Effort Is More Important Than the Outcome – In Quest of the Last Victory

Training in the Army 37
of extreme exhaustion, was a revelation of endurance. The list
of such extremely testing activities and situations is long.
If you do not give up, you will not experience
defeat or failure.
5. Trust Yourself. We were required to hang a framed copy of the
poem ‘If’ by Rudyard Kipling in our room and the one phrase
from the poem that got stuck in my mind forever was ‘If you
can trust yourself when all men doubt you’. This thought has
been the most decisive thought in my life. There will be times
when people will have doubts about your dreams. At such
times, continue to trust yourself.
Effort Is More Important Than the Outcome
I continued to write poems even during my days at the Defence
Academy. I always had a desire to explore nature. I had a desire to
do something that could bring in variety in my everyday routine.
I wanted to do things for the welfare of others. And I was sure I would
one day fulfi l these wishes. Though our training at the Academy was
rigorous, it never restricted my dreams and my thoughts. Sometime
in my 1st semester I had noted down in my diary,
‘What you have to face in life is never in your hands, but
what you feel is in your control. So, better feel good.’
I had been an animal lover and a nature lover since childhood.
One day as I came out of my room, I saw a small squirrel running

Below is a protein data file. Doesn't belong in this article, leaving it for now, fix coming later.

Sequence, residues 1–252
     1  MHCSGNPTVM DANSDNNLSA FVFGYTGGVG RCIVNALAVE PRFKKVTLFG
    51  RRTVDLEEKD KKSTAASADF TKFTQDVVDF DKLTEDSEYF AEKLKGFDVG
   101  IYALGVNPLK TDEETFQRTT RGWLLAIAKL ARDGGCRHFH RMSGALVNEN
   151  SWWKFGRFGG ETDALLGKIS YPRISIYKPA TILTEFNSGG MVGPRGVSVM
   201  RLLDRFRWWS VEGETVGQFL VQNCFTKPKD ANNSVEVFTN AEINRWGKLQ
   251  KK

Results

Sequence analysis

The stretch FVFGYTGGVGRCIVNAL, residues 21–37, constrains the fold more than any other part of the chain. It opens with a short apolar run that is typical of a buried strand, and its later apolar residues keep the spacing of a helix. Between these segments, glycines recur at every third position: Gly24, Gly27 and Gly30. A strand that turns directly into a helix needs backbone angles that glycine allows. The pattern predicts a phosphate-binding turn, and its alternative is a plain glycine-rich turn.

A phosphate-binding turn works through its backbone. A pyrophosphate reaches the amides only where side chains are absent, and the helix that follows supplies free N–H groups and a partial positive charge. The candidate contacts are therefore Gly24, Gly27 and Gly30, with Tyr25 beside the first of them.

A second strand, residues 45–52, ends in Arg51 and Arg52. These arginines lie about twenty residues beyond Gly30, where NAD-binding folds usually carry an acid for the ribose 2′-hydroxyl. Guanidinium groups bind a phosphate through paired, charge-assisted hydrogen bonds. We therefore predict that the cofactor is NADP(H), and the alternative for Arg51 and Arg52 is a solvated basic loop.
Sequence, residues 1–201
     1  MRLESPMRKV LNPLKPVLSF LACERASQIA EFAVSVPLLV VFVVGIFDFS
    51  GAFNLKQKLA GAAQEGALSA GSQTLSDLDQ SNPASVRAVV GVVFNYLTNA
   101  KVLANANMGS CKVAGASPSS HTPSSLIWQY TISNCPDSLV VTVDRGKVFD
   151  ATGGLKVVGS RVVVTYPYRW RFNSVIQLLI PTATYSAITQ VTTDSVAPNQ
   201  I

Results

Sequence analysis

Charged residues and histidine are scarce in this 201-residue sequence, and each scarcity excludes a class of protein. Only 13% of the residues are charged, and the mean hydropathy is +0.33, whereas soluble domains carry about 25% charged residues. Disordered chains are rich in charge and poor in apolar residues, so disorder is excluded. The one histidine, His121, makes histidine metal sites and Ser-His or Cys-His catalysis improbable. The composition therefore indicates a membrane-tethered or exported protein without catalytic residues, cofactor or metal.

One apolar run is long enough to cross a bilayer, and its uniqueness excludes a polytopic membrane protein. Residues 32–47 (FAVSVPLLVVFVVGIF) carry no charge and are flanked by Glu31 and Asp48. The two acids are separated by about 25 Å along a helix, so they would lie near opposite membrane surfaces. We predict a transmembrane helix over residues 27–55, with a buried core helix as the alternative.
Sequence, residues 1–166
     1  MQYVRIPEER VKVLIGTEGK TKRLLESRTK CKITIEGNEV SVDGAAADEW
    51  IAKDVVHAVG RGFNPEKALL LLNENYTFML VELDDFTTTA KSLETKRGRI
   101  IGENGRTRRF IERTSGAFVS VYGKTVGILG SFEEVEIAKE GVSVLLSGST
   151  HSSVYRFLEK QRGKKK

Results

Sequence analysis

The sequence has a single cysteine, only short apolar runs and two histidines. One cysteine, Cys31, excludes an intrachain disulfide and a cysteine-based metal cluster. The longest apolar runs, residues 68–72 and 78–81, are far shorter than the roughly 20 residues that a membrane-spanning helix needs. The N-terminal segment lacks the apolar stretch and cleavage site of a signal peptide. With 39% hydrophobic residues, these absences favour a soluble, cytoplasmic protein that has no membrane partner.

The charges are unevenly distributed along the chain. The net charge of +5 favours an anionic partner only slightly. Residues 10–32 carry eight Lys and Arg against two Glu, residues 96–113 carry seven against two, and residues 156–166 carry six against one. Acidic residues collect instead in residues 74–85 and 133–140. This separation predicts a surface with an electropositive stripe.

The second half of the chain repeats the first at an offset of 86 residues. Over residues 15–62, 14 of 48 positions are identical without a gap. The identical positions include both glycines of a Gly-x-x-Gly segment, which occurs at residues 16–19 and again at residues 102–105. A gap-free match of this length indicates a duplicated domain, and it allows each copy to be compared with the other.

in the corridor. It was a baby squirrel and looked scared. The other
cadets were running around in the corridor wearing big boots and
I thought someone may hit and harm this tiny squirrel. So I picked it
38 In Quest of the Last Victory
up and took it to my room. My room was on the third fl oor and right
outside the window of my room, connected to the window sill was a
at surface, few inches wide, which ran around the building at that
height. Squirrels from the trees used to run around on this platform
from one tree to another as the branches of most of the trees brushed
the building. I thought I would place the squirrel on that platform
from where it could run away into the trees. The squirrel was defi nitely
scared in my hands. As I gently placed it on the platform, in a very
unlikely and unexpected manner, it ran off the platform and into
the air. The fall wouldn’t kill the squirrel as it spreads its limbs to
slow the fall but the fall from three stories would defi nitely daze it
for three to four seconds. As the squirrel hit the ground with a slight
thud, a cat which used to usually nap in front of the next building
woke up by the sound. The cat immediately saw the fallen squirrel
and ran towards it. As the cat moved close to it, I saw the squirrel
come out of its daze and run to the nearest tree. The three seconds of
daze after the fall proved fatal. The squirrel was still a few feet from
the tree when the cat caught it. This small incident and the lesson
I learnt from it is something I would always carry with me. It’s a very
valuable lesson for me.
At the best you can only have good intentions. Whether
the end result would be good or not or what the result
eventually would be, is not in your hand.
So, always just focus on your good intentions and work with the
same, irrespective of the outcomes. Let the possible outcomes not
scare you.
On the 4th of June in 1994, I completed my three years of training
and passed out of the portals of the National Defence Academy. I had
to join the Military Academy at Dehradun, a month later, after the